This soup is so perfectly creamy, yet light, that a cup or bowl would not be too much.  But it does look irresistably fetching garnished and served up in chilled shot glasses, arranged on a tray.


White GazpachoVegan White Gazpacho with Green Grapes and a Twist

Yield: approximately 8 cups

2 cups bread torn into bite size pieces

2 cups whole or slivered blanched, skinless almonds

2 cups unsweetened almond milk (believe it or not, vanilla unsweetened is just delicious)

1 large European seedless cucumber, peeled or unpeeled and cut into 2-inch chunks (I prefer unpeeled)

1/4 cup fennel fronds and tender stems

2 large cloves garlic, halved (use roasted garlic if you prefer less pungency)

1/4 cup dry sherry (you can begin with less if you’re not too sure abou the shrry)

1 tablespoon apple cider vinegar

Plenty of sea salt and freshly ground black pepper to taste

Garnish: finel chopped fennel fronds and green grape halves

Place bread and almonds in a large bowl.  Scald milk in a saucepan on top of the stove or heat for 2 minutes in the microwave and pour immediately over bread and almonds.  Let soak for an hour, pressing solids down into milk every so often.  At the end of the soaking time, place cucumber, fennel, garlic, sherry, vinegar and a large pinch of sea salt and pepper into the bowl of a food processor.  Process for a couple of minutes, scraping down sides of the bowl as necessary, until smooth.  Add bread, almonds, milk, and another pinch of salt and pepper and process for about 3 minutes, again scraping down sides of bowl as necessary, or until very creamy and smooth.  Taste and adjust seasoning.  Be sure to add plenty of salt to amplify the flavors, though the soup shouldn’t taste salty.  Garnish with finely chopped fennel fronds, if desired, and green grape halves. If serving in a shot glass, I like to spear a grape half on a cocktail pick and rest across the rim of the glass.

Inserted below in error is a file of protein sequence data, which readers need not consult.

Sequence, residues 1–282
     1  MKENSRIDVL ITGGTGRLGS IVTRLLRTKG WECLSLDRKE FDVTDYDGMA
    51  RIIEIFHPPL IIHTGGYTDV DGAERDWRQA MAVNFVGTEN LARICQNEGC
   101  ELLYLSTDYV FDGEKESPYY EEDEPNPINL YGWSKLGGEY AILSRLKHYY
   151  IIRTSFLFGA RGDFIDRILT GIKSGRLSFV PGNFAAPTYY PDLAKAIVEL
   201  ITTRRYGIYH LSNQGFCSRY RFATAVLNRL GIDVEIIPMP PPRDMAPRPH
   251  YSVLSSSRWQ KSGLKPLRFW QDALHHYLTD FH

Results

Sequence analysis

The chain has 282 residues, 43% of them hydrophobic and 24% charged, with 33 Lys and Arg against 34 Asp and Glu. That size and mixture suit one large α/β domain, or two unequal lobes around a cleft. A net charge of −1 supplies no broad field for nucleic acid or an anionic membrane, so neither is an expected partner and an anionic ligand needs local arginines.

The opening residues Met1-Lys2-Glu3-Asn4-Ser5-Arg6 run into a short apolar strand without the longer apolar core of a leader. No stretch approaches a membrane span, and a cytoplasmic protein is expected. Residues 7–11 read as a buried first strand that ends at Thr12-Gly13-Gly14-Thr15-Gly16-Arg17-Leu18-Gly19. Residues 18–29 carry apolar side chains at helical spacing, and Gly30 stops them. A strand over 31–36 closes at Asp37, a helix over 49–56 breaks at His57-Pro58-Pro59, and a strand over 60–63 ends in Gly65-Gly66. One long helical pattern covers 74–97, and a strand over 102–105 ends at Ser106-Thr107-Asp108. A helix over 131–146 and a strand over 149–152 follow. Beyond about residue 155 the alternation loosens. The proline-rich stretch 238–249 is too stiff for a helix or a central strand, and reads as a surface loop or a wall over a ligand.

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Vegan Chorizo, Apple, and Chickpeas with Fresh Kale and Cashew Sauce

Yield: 4 servings (you may have left over Kale Sauce)

Now that school is back in session for the year, my schedule is dramatically different.  So, I have a bit less time to cook, photograph, and post.  But, as has been the case since the launch of The Blooming Platter several years ago, I plan to offer you delicious new recipes right here several times a week with only the occasional hiatus, as in the last week or so.